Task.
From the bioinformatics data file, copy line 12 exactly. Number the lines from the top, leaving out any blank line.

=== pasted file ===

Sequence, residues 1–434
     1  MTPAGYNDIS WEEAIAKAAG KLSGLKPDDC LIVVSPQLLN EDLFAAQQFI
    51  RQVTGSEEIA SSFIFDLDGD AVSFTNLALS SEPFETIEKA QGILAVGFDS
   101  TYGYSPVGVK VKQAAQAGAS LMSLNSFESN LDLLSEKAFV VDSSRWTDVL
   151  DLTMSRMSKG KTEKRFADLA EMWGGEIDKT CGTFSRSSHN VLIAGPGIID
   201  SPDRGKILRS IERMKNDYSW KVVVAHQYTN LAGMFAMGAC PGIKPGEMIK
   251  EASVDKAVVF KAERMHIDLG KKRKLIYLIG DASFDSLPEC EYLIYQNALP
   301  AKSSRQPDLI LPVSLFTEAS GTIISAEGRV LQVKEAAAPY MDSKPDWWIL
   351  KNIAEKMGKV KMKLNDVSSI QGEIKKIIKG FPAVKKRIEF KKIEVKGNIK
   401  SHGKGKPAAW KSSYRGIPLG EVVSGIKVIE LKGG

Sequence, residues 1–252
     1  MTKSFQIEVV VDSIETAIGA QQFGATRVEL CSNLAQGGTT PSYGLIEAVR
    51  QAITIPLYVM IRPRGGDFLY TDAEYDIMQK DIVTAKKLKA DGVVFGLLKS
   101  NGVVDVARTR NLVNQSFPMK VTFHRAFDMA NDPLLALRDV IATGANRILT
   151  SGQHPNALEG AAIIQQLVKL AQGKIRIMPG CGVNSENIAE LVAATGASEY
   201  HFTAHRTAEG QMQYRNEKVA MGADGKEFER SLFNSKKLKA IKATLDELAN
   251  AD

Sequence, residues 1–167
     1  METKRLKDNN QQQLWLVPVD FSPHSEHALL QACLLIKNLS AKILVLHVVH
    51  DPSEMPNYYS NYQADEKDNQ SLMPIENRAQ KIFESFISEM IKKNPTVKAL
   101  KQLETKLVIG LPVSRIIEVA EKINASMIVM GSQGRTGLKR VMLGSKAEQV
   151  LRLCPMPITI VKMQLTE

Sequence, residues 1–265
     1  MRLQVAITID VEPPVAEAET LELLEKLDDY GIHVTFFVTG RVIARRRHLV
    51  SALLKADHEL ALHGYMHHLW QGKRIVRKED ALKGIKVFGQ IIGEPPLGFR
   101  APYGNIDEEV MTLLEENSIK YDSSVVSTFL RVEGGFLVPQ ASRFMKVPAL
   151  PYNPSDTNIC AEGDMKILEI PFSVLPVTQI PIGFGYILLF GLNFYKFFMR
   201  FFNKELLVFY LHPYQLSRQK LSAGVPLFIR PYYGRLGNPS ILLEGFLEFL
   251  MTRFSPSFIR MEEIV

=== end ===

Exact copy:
     1  MTKSFQIEVV VDSIETAIGA QQFGATRVEL CSNLAQGGTT PSYGLIEAVR